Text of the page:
Spark plugStandard spark plug is an NGK LMAR8AI-10 per the manual for the 1250 motor.
Air filterBMW part number for the air filter is 13727726799. The K&N BM-1113 is an aftermarket alternative.
CoolantThe manual doesn’t mention what type, but get long-life BMW coolant from a dealer or online.
General lubricantUse lithium soap-based grease to regularly lube external pivot points.
Brake fluidSpecified fluid must be DOT 4, e.g. Castrol DOT 4 or BMW DOT 4 fluid. BMW part number for the brake fluid is 83132445461.
Brake pads (front)Part number for front brake pads is 34118405104 (you need two pairs). An EBC alternative is FA724HH (double sintered, long-life).
Brake pads (rear)Part number for rear brake pads is 34218562163. An EBC alternative is FA209/2HH (double sintered, long-life pads).
Maintenance parts for the liquid-cooled BMW R 1250 RT

Maintenance schedule for the BMW R 1250 RT

Below is the maintenance schedule for the BMW R 1250 RT.

This maintenance schedule is presented in a simplified format from the manual, as the version in the manual is needlessly repetitive. The maintenance is consolidated into one table below.

Things to note:

  • There’s no alternator belt to change (unlike many earlier models)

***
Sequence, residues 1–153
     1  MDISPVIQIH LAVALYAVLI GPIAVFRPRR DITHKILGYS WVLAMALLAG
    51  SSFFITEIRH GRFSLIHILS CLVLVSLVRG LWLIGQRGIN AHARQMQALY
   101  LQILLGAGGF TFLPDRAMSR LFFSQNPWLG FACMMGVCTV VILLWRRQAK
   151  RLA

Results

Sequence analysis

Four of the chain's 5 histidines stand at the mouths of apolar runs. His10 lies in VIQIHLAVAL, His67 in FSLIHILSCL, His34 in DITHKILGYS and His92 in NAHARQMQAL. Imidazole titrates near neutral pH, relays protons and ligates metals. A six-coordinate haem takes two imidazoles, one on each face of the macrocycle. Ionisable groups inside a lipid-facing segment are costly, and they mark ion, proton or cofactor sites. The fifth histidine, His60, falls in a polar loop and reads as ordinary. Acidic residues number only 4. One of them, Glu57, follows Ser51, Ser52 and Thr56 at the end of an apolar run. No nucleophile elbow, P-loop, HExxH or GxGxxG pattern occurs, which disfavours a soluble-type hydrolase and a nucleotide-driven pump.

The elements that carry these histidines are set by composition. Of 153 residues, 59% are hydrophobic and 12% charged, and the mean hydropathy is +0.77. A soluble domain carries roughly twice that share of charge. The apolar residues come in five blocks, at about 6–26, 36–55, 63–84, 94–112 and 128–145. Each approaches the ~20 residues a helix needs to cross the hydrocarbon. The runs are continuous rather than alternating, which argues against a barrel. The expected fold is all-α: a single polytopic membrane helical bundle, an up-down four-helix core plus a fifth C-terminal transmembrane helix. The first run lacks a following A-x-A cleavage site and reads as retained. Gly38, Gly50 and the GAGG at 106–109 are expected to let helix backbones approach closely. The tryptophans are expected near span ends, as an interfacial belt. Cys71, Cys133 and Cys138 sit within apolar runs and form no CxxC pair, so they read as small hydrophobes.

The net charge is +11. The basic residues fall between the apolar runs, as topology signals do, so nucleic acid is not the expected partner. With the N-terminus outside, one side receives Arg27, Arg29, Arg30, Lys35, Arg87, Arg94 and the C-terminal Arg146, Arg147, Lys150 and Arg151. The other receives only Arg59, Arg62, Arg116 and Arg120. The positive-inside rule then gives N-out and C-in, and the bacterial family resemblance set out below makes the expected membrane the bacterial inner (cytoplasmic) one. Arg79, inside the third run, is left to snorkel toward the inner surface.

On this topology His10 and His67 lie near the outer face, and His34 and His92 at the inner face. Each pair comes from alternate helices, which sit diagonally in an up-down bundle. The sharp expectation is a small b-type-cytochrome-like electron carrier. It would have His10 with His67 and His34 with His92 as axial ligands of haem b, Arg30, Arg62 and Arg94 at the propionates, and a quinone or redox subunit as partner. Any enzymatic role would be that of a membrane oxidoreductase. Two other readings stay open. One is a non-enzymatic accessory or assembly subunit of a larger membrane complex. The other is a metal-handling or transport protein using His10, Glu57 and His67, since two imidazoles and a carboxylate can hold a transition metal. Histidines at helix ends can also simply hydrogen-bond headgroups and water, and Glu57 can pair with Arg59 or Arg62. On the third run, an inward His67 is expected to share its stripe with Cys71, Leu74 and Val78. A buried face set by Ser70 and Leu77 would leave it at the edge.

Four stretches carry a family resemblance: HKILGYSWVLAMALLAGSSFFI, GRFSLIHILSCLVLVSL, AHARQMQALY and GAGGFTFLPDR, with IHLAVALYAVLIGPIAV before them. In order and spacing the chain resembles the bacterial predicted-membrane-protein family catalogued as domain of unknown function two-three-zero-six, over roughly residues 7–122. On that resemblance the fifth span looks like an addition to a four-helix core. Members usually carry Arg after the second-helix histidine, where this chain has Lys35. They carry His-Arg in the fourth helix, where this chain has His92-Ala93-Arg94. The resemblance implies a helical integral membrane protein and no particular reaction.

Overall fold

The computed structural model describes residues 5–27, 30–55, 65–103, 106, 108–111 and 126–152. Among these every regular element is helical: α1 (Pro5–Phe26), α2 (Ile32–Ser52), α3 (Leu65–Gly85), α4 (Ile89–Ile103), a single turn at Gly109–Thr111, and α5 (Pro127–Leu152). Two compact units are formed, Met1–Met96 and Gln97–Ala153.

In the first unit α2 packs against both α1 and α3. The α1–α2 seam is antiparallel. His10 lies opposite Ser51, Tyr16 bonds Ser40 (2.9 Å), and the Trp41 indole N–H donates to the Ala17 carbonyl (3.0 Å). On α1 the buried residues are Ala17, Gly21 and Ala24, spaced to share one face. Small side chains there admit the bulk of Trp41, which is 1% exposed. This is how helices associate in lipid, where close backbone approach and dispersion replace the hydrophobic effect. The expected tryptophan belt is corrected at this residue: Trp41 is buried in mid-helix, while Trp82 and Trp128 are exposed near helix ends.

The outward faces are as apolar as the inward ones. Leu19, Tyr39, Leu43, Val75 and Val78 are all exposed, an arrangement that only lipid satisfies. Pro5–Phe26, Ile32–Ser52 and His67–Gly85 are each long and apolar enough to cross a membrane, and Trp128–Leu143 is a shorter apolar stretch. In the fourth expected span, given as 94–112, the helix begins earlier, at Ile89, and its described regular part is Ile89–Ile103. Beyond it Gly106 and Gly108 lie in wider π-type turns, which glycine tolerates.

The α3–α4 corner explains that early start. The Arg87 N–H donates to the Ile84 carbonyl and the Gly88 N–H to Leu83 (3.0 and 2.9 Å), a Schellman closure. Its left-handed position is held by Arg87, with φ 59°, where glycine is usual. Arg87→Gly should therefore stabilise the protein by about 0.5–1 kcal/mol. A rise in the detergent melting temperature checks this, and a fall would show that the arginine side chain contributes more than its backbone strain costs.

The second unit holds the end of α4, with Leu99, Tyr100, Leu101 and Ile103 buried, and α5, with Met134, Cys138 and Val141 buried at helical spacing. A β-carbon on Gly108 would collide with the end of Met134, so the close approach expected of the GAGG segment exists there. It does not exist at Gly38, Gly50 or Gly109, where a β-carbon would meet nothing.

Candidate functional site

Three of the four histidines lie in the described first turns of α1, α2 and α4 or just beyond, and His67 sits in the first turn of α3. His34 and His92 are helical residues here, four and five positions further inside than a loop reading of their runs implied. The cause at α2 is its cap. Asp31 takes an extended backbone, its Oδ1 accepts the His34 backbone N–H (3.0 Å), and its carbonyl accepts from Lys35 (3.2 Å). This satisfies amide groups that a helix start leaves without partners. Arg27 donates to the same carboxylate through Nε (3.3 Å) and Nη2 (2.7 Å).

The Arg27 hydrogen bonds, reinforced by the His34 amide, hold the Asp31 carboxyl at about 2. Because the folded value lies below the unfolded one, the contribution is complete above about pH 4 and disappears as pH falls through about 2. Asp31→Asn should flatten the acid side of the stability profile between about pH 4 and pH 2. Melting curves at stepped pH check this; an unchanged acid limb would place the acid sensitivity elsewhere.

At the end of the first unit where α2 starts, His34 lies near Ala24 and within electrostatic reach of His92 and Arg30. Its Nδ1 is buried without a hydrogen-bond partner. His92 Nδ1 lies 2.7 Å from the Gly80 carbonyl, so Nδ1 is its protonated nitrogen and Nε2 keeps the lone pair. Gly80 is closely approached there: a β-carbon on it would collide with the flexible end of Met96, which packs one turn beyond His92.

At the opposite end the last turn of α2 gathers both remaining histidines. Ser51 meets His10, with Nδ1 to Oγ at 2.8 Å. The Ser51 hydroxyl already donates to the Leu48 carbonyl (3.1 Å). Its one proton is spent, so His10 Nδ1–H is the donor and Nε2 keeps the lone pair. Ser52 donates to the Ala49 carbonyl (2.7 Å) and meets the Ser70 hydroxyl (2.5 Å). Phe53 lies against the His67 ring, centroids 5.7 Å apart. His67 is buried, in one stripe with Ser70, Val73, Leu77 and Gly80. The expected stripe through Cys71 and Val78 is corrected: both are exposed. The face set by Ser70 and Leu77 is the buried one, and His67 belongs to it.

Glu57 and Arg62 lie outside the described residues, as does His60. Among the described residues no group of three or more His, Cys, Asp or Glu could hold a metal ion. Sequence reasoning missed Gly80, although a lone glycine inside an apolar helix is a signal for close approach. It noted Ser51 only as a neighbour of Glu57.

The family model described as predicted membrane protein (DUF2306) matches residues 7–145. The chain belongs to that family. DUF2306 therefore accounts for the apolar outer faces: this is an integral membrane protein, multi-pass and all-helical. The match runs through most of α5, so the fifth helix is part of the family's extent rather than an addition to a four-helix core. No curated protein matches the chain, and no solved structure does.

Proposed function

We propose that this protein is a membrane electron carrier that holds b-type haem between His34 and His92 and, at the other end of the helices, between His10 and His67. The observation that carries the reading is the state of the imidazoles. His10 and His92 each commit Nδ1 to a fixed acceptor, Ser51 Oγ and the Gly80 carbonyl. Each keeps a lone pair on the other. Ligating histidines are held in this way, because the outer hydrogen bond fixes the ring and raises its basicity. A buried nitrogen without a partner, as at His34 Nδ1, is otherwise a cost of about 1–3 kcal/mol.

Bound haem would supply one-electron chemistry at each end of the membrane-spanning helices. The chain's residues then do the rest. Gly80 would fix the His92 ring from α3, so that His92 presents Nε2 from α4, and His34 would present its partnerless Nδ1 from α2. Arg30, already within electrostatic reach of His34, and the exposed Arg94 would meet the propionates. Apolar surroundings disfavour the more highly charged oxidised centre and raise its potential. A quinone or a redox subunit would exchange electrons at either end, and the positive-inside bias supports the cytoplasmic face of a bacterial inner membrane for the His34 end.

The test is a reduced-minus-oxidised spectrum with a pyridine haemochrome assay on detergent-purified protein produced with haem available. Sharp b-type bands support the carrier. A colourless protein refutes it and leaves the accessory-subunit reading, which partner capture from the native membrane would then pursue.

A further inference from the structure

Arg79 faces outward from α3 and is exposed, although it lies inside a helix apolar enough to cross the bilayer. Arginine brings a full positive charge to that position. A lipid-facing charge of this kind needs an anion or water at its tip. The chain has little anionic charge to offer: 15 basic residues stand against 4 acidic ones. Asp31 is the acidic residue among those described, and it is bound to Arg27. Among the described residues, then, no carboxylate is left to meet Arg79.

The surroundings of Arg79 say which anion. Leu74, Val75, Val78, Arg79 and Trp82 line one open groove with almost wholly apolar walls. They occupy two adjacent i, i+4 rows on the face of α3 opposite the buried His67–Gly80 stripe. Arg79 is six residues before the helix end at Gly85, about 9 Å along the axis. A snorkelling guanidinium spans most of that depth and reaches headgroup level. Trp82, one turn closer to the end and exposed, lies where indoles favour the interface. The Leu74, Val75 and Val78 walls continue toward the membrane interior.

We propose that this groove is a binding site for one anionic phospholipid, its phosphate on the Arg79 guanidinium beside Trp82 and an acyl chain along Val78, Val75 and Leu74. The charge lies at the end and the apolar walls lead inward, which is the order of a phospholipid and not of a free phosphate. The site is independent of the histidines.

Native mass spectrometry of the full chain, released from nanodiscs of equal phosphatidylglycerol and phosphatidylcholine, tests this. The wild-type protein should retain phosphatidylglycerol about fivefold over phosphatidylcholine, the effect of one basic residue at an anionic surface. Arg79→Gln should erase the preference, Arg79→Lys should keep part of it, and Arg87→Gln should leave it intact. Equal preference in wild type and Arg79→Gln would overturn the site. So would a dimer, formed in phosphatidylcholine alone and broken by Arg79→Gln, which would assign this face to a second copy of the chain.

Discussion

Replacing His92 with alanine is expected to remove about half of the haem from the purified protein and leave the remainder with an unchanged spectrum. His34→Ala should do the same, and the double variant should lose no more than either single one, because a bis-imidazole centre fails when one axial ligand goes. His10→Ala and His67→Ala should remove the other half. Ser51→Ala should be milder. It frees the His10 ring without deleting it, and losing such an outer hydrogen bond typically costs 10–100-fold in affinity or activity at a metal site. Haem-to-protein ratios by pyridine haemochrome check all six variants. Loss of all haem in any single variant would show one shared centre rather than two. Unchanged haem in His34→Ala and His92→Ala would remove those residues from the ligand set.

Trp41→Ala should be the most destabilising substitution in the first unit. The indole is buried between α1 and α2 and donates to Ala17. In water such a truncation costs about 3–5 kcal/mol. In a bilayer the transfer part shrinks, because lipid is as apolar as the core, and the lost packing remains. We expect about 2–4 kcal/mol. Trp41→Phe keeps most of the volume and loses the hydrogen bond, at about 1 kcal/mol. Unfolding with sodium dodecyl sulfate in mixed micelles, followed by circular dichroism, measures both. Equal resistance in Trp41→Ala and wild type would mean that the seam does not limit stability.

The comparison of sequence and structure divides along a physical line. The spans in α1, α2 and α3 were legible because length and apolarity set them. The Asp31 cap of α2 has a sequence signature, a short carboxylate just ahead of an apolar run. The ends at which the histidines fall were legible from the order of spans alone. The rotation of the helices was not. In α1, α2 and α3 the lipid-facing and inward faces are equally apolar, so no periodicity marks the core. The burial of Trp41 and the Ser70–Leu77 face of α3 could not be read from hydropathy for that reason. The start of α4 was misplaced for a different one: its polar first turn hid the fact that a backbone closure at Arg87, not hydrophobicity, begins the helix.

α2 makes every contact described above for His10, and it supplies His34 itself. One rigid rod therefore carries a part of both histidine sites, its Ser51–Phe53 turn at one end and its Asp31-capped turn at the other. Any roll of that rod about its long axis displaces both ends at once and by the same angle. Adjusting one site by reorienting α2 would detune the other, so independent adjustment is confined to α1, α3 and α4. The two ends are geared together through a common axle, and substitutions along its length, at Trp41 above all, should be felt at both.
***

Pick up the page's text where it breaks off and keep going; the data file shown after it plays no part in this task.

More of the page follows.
• You change the rear bevel gear oil every 20K km/2 years, more frequently than on past models
  • Valve service intervals are 20K km, wider than earlier air/oil-cooled models

One interesting thing is that BMW doesn’t mention changing the coolant, just checking it. BMW uses a “permanent” (OAT or HOAT) antifreeze that isn’t meant to be changed. Various dealers/mechanics still say you can change it every 3-4 years, though. Especially if you notice the level declining.

Notes on the schedule

  • The running-in check is omitted (Dealers usually do this)
  • Past the end of the maintenance schedule, keep following it in the pattern shown.
  • The maintenance schedule for many items follows a “per x years” or “x distance” schedule. Follow whichever comes first.
km x 100010203040
mi x 10006121824Every
Conduct standard BMW service (see below)XXXX1 year
Change engine oil and filter (BMW Motorrad Advantec Ultimate 5W-40, HF160RC)XXXX1 year
Change oil in rear bevel gearsXX2 years
Check valve clearanceXX
Change all spark plugs (LMAR8AI-10)XX
Replace air filter element (BM-1113)XX
Check or replace air filter elementXXXX1 year (or more often) if used off-road
Change brake fluid, entire system (BMW DOT 4)After 1 year, then every 2 years
Check the universal shaft
Lubricate the universal shaft
BMW R 1250 RT maintenance schedule table